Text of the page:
Partap recalls nostalgically, “With the active help of Durga Dutt and Sushil Chand ‘Rattan’, I was inducted into a musical group founded by Prof Chander Worker under the protective patronage of the Department of Public Relations, HP, at Kangra. Initially we were two singers, a tabla player besides a group leader. We were paid Rs 85, Rs 80 and Rs 150, respectively. This offered me an opportunity to work with Master Shyam Sunder, a consummated violine wizard. I groomed

under his stewardship and learnt the rudimentaries of composing Pahari songs and scoring haunting tunes on Iktara. The unstinted cooperation extended to a ‘fledgling’ singer like me by Professor Worker, the then DPRO, cannot be forgotten”.

He says his two songs: “Thandi, thandi hawa jhuldi, jhulde chilhan de dalu, jeena Kangre da....” and “Je tun chaleya Nefa naukri, merey gale de haare lainda jayan, naina diya lobhiya... ” became very popular among the rural audience. Partap who continued to be associated with the State’s Public

Relations Department for over two decades, got the first break on the Shimla station of AIR in 1968. In 1984, Partap was invited to perform at the Jalandhar Doordarshan. The songs that he belted out were well received even by the non-Himachali audience. For a period spanning over 10 years, Partap worked for the Department of Songs and Drama Division, Government of India, at Chandigarh. And, then, there was no looking back for him.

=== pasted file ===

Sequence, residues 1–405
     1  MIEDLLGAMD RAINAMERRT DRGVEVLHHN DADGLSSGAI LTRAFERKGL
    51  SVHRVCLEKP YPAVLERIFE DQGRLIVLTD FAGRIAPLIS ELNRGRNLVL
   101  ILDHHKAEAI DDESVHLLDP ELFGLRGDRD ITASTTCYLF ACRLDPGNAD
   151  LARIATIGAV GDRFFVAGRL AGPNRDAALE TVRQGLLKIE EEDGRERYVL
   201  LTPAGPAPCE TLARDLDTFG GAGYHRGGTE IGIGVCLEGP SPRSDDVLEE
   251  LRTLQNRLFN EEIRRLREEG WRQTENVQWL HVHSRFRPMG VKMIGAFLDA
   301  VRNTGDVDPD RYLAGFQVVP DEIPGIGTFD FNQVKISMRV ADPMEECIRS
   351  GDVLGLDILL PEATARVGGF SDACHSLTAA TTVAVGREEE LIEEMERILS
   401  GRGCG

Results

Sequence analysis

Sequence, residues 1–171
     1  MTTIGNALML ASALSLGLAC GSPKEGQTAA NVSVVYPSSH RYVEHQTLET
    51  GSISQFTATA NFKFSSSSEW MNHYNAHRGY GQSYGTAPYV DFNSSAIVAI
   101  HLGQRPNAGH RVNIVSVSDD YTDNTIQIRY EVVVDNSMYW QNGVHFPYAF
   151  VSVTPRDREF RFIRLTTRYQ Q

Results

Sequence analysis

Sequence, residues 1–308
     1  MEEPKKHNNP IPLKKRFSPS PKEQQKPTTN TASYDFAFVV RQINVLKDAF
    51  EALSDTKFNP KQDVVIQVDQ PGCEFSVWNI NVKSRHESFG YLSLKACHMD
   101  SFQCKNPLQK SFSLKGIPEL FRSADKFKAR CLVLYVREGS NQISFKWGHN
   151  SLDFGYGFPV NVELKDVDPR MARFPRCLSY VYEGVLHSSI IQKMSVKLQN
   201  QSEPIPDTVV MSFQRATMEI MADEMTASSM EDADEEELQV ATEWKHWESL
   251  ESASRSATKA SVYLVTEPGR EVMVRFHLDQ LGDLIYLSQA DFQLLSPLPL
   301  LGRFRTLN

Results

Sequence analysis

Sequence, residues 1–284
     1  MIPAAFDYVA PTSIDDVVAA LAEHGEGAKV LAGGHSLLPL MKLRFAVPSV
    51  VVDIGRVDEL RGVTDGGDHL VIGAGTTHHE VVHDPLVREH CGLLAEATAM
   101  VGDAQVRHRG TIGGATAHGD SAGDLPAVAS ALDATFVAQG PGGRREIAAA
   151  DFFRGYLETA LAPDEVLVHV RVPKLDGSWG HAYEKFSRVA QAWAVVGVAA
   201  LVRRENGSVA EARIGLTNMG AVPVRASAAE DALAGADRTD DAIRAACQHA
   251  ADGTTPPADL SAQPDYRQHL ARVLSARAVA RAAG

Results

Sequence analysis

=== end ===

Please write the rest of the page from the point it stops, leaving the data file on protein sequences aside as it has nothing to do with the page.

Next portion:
For his single contribution to the enrichment of the traditional Pahari singing, the Himachal Sahitkar Parishad decorated this illustrious singer at a function held at Dharamsala, followed by the Kangra Lok Sahitya Parishad, which honoured him at its annual sahitya-cum-cultural function, held at Dehra Gopipur on October 30, 1981. He was presented a pugree, a shawl and a cash award.

“We used to give our programmes in the remote villages of Chamba, Kangra, Dalhousie, Dharamsala, Nahan, Shimla, Kalpa, Jammu-Tawi and, of course, at the Indo-Pak border to promote the government’s public welfare scheme. I had the privilege of visiting each and every village of Kangra district. Scarcity of modes of transport in those days, would compel us to cover long distances on foot, with the musical instruments and brief beddings perched on our heads”, recalls Partap.